Although not a foregone conclusion, Manchester United seem to be waddling away with the Premiership - needing to not only stumble, but actually fall over to drop top spot - so perhaps it's worth taking a look at the possible shape of the Premiership next year by examining England's second tier, the Championship.
One level removed from the big bucks there's a fantastic promotion race. Only a month ago, league-leading Queens Park Rangers seemed assured of automatic promotion but now their chances depend almost solely on an FA disciplinary hearing set for May 3rd. The Londoners, led by the abrasive Neil Warnock and bankrolled by Formula One's Bernie Ecclestone and Flavio Briatore, sat a dozen points clear on top behind a miserly defence and the silkiness of Moroccan midfielder Adel Taarabt. Now, with their lead cut to nine, they face investigation into their acquisition of Argentine midfielder Alejandro Faurlin as sources suggest he was not signed from a club side, but from a third party.
Since the Carlos Tevez saga of 2006-07 which saw Sheffield United (managed by Warnock) relegated, the FA instituted rules about the purchase of players whose rights aren't owned by club sides. If it's found the Rs have acted in breach of league regulations they could face fines or even be stripped of points. Since this is the first alleged breach since the Tevez affair, no-one knows what form any potential punishment may take. Probably in order to beef up speculation and anticipation, the Football League has scheduled the hearing for three days before the last round of matches.
The peloton chasing is full of the usual suspects and clubs seeking redemption. Norwich City occupy second position and are chasing successive promotions under Paul Lambert, the brightest of bright young things in English football management. They play an exciting style based around the talents of make-good striker Grant Holt, who has found a home after being rejected by several lower-league clubs. Playoff constants Cardiff City lie directly behind them one point adrift of the Canaries' automatic promotion slot. Their nemesis - whoever they play in the Promotion Playoffs - could well be rivals Swansea City, equal on points and goal difference and reaping the benefit of a Chelsea connection: club-record signing Scott Sinclair and loanee Fabio Borini both arrived at the club through manager Brendan Rogers' contacts. Reading sit a further three points back.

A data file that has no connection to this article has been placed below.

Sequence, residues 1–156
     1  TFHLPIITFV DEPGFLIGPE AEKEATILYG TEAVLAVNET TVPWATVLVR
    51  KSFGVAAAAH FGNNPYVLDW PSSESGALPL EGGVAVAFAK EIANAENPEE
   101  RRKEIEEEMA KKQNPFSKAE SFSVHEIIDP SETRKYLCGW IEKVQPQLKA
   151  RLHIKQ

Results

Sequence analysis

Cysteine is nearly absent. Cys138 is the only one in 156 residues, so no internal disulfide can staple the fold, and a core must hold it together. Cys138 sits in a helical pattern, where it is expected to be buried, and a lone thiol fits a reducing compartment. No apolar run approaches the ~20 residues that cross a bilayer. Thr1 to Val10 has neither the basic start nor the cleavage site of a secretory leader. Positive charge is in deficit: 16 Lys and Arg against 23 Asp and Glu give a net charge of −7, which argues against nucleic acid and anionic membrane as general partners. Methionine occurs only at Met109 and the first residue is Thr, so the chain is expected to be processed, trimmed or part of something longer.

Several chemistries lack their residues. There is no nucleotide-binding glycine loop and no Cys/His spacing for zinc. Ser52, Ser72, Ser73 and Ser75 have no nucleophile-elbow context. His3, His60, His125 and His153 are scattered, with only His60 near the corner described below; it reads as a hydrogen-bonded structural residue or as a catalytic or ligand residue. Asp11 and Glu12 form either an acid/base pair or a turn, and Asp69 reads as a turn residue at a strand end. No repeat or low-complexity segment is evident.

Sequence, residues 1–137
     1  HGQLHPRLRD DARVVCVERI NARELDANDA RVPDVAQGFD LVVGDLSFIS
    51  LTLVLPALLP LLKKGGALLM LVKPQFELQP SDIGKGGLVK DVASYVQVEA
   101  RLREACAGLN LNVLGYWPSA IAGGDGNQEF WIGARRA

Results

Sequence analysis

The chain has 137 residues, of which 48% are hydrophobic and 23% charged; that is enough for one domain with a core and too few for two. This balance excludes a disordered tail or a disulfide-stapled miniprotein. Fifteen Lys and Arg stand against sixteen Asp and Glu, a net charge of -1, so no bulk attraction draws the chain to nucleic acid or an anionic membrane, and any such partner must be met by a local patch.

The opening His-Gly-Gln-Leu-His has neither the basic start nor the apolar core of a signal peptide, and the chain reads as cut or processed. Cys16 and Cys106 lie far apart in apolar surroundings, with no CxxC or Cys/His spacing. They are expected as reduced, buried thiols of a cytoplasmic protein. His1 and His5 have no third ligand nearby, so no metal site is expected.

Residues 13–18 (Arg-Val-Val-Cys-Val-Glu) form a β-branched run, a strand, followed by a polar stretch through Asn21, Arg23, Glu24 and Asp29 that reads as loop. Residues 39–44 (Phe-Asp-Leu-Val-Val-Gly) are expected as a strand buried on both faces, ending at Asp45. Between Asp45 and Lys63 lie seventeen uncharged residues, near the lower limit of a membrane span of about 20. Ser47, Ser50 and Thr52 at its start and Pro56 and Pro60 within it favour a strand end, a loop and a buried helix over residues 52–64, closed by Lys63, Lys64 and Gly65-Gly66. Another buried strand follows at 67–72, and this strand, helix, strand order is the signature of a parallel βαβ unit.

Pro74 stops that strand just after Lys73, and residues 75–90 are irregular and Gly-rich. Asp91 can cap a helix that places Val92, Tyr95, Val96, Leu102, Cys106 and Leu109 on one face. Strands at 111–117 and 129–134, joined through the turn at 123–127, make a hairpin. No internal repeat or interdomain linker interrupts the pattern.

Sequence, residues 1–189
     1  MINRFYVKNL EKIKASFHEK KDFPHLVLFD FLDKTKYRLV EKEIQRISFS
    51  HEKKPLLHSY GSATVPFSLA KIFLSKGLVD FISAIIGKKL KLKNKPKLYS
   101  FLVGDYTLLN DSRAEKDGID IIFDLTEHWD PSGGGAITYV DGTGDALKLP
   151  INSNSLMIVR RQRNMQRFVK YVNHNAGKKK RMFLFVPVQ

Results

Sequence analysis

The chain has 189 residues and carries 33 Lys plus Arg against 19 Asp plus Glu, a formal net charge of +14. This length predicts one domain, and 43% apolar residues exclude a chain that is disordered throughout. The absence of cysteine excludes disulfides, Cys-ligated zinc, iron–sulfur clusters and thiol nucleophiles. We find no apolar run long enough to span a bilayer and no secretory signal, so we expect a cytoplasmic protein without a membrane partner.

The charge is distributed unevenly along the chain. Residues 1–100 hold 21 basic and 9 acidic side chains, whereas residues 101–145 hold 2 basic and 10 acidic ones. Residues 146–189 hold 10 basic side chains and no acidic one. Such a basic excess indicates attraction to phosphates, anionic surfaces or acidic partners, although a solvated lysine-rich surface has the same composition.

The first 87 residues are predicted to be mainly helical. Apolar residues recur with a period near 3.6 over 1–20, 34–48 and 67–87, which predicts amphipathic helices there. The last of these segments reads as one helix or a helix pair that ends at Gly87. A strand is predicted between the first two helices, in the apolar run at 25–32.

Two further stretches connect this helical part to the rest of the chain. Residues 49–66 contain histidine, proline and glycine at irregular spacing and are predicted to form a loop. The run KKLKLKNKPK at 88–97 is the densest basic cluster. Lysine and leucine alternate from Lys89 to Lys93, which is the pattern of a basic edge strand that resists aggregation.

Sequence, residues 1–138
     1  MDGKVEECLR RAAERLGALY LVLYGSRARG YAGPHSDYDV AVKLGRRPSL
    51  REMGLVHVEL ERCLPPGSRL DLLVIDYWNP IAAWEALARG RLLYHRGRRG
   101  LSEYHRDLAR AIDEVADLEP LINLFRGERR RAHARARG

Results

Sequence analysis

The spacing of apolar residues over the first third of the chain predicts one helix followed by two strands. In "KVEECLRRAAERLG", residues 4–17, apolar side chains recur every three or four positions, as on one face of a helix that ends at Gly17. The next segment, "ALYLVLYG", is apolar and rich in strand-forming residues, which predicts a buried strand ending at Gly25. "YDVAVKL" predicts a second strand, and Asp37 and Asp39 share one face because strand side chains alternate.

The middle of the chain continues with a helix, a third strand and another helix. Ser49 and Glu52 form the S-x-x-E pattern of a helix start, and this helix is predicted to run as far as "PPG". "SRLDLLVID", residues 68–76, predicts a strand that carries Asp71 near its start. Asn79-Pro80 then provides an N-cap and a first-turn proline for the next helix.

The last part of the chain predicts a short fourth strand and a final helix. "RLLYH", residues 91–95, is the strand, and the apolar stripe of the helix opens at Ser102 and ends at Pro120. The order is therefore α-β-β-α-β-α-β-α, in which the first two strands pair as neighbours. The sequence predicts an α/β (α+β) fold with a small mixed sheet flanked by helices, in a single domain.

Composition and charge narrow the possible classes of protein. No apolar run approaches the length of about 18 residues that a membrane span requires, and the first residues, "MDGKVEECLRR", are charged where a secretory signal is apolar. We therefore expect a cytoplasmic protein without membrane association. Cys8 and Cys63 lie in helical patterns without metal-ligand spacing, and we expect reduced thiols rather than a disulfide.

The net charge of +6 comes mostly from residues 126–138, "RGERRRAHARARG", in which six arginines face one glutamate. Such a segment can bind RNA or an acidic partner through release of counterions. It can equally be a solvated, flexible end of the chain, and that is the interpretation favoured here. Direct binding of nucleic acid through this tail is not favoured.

A very even season in the Premiership - one in which any of twelve clubs could go down and all three promoted sides could survive - is mirrored in the second division as all three sides promoted from League One last year could make the Promotion Playoffs: Leeds United have 64 points and Millwall 60 after arriving from the third tier with Norwich City. As the Premiership becomes more even thanks to squad limits and the Global Financial Crisis, the Championship seems to be benefiting as clubs are able sign better quality players at cutdown prices simply because they don't have a squad position at their original teams, which can only serve to benefit English football.
So late in the season and with no evidence on which to decide on any potential punishment for QPR, let's hedge our bets and suggest that should they not receive a significant points sanction, they and Norwich will qualify for automatic promotion, leaving a battle between Welsh arch-rivals for the final promotion spot. Should Rangers lose over six points in sanctions, however, all bets are off. Cardiff have experience in these situations - and thus a huge amount of baggage . Past results favour the in-form and exuberant clubs like Blackpool, Burnley, Watford and Hull, suggesting Swansea City may have the edge over their Celtic rivals.